.XXX Marks The Spot For Online Porn

Gather round children– I want you to close your eyes for a moment and think back to life before the Internet. Life before Youtube became the world’s biggest jukebox. A simpler time when arguments were settled with encyclopedias, not Wikipedia, blind dates were set up by friends playing cupid instead of, Ok Cupid, and people purchased good old fashioned pornographic magazines from behind the counter, wrapped in brown paper sacks.

The Internet didn’t just change the pornography industry, it completely revolutionized it. It has blossomed into a global multi-billion dollar industry. Not only did access to the World Wide Web make it easier for consumers to find the porn that suits their exact desires, no matter how bizarre (clown porn? Garbage fetishes??), it also enabled amateur auteurs to share their tempting and titillating videos with ease.

It comes as no shock that, as of the first quarter of 2010, over one third of all the content on the Internet was of a pornographic nature. According to a recent survey conducted by the global security firm Optenet, the number of pornographic sites online has grown by 17 percent since 2009.

Seriously… think about that for a second. For every three websites you wasted time on this afternoon, there’s someone out there taking it up the ass, or blowing their load on someone’s face, or getting themselves off for the camera. And it’s all out there at the click of a button. The simple act of typing ‘porn’ into Google search generates an astounding 731,000,000 hits. From an organizational perspective, with that much porn out there, it makes sense to carve out a big corner of cyberspace where all your  XXX needs are met!

Earlier this month, the Internet Corporation for Assigned Names and Numbers (ICANN) approved the controversial .xxx domain suffix as a new Top Level Domain (TLD), akin to heavy-hitters like .com, .org and .edu. While they won’t take effect until at least the fall, the first registered addresses include porn.xxx, sex.xxx and, the double-whammy of xxx.xxx. all three bear the annoying un-clever tagline “let’s be adult about it”.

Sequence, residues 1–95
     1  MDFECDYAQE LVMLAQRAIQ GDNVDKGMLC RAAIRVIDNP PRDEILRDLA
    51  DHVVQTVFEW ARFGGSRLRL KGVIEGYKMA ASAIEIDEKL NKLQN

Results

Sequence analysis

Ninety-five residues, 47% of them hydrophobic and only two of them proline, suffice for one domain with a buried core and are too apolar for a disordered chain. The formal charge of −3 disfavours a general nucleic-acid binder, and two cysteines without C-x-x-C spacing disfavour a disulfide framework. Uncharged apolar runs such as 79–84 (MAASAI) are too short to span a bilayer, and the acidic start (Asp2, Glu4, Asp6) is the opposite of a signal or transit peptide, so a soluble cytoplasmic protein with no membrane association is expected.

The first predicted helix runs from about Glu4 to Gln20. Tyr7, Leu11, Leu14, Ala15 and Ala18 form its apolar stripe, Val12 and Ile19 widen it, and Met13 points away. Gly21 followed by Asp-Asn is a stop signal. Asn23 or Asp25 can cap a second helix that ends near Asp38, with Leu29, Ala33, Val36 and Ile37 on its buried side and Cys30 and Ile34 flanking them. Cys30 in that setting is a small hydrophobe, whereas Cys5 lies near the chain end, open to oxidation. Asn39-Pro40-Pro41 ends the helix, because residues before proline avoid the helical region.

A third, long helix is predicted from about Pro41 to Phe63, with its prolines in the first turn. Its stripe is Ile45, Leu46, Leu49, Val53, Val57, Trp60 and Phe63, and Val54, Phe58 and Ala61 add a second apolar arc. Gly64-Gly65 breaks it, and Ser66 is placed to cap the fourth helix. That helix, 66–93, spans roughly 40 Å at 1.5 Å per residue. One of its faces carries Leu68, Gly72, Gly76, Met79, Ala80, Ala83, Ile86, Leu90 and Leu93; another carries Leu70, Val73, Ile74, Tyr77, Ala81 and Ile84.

These sites laud the benefits of segregating pornographic content to the .xxx domain including consumer acceptance and confidence, a safe, secure and trusted environment, and greater acceptances by more consumers globally, which translates to more profits for the adult industry. However, support for the .xxx domain is anything but unanimous in the adult industry.

A group calling themselves the Free Speech Coalition was quick to criticize the plan, calling on pornographers to boycott the new domain name. They have staged protests in  San Francisco,  claiming that an online red light district will make it easier for governments to block access to websites with controversial content. Not surprisingly, Saudi Arabia has already indicated they plan on banning .xxx domain names from their Internet, and others will surely follow suit in the coming months.

Furthermore, they address the issue of the cost of the new TLD, which has raised red flags in the adult industry. The typical cost for an .xxx domain name can run up to seven times as much as a typical .com, or about $70 per domain name. Since many pornographers own thousands upon thousands of domains, these new costs can reach insurmountable levels.

And finally, while you’d think that anti-pornography advocacy groups would throw their support behind the cause, such is not the case. They argue it that the move makes porn sites more visible, and gives agency to the industry as a whole. And while  it would make it easier for parents, employers and educators to block  access to the domain name as a whole, first they  do have to acknowledge  the existence of oh so very much porn.

In the end, it seems like a novel idea but I don’t think it’ll catch on  in the way the ICANN  hopes it will.  People will  continue producing adult content and posting it at .coms, at least until there’s a real Internet police  coming around and telling you what you can and can’t post. And where do we draw the line at “adult content”, and who decides what would belong in the .xxx domain?

What are your thoughts on this matter?   Does an online red light district make sense, or is it just another way they’re trying to censor and screw pornographers??

Photos mademoisellebbb & Engadget

 

One comment

  • Garbage fetishes! LOL. I like the idea because although I love porn and love how easy it is to get I really don’t think it’s appropriate for children to grow up so fast. I don’t believe in sheltering children and lying to them about sex but I don’t think they should be able to see dp bukkake gangbangs at the age of 7. This said although parents could easily block the sites children are usually the more technologically savvy than their parents and would probably find a way to unblock at ease. I am against the government censorship bit for sure. Also, xxx domain names should be the same price!!! That’s not fair. Come on. I love the porn addicted cat! Ha ha.

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